The president is unable to pardon your crimes if you’re prosecuted by the state. The Governor of your state cannot pardon you if your crime was a Federal crime.
A pardon is generally granted to persons who were innocent of their crimes. It is also possible to receive a pardon if there were issues with your criminal case. If the police didn’t follow the rules collecting evidence, you may be eligible for a pardon.
Once your record has been expunged you will receive a Certificate of Rehabilitation. It states that you have overcome your past convictions. The COR does not wipe anything off of your record, but it may help you to move forward.
What Does A Felony Mean for You?
Of course, it is best to avoid this type of trouble. It takes time and money for the state to convict someone.
You are not alone, there are millions of felons leading fulfilling lives. It would be great if you could come back from such a stigmatizing conviction.
Felony convictions mean loss of many rights and a daunting stigma that lingers with you. Inability to vote in elections, carry a firearm, and even rent houses are all taken when you become a felon.
Depending on the number of crimes you’ve committed will play into your ability to move forward. The more time you put between your conviction and the present will also play a key role in your growth.
In some states, there are waiting periods for certain benefits. HUD housing can mean that you have to wait 5-10 years before applying. The longer you go without getting into trouble the better you’ll be.
What Support Do You Have?
Many people are fortunate to have families who help them. Others may not be so lucky.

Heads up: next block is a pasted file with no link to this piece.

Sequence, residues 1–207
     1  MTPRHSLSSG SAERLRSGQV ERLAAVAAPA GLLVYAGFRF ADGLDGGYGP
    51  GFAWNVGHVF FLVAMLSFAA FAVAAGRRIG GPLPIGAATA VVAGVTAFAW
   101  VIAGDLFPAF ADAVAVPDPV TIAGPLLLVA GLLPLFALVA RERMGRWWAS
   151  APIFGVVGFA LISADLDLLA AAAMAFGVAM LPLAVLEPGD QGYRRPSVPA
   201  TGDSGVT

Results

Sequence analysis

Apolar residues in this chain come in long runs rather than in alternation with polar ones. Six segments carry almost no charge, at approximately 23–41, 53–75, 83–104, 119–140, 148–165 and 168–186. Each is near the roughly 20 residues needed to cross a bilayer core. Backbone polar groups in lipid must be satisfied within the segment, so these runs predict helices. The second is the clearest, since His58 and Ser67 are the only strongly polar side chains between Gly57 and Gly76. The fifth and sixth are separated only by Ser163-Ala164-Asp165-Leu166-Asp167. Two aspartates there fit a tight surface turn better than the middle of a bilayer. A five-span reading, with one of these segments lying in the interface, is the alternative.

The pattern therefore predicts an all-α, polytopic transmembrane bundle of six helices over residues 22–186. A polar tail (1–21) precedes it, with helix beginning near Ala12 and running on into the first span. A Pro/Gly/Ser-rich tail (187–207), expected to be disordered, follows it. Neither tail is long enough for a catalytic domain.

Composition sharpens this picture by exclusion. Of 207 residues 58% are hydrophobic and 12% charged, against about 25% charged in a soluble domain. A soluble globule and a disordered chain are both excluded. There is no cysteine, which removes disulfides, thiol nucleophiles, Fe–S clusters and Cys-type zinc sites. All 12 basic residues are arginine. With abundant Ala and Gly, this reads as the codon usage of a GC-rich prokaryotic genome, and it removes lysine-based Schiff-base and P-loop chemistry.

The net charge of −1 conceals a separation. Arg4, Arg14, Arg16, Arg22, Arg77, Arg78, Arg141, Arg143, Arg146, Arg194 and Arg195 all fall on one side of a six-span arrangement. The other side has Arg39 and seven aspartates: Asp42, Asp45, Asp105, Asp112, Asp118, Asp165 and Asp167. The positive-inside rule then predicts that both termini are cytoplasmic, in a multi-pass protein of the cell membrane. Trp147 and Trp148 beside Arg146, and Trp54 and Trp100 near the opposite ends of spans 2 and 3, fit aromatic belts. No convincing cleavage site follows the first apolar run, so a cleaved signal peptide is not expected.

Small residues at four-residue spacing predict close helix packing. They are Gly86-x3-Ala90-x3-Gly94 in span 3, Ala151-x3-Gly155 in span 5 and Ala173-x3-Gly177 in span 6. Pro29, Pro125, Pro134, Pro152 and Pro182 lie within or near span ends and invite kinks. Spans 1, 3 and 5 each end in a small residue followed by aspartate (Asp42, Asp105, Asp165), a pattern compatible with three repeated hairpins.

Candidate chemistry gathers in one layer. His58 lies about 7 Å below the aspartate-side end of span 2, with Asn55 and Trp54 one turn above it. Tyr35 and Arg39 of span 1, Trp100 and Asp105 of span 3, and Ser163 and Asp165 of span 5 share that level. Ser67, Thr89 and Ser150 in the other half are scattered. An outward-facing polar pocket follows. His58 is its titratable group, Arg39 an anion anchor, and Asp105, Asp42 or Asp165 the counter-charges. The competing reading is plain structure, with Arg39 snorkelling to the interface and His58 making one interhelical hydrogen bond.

People who care about the well-being of former convicts do exist. There are authorities designed to help people recover from convictions.
For many, going to prison and committing a serious crime leaves people with few resources. If your family disowned you, and you aren’t able to find a job it can be difficult to stay out of prison.
It is important to use the resources available to you. There are many non-profit organizations all over the US willing to help felons.
If none of the options listed above is the right fit for your unique situation, there are things you can do. Once released and finishing the terms of parole if you have it find a good job.
Several companies will hire felons and others help you to find housing. Once you can get a vehicle focus on what comes next for your life. It is still your life.
A felony is not a lifetime prison sentence. Many of the freedoms you used to have are gone for now. There are still options for becoming an upstanding citizen.
Having the record removed or even getting a pardon is ideal. Each of these options means you don’t have to live with a felony conviction lingering over you.
Rehabilitation is the ultimate goal for anyone convicted of a crime. As the conviction changed your life, you can change the way that you live that life.
Make yourself a part of your community to overcome your past. Find places that will help you. Create healthy positive relationships because you will need support in your journey.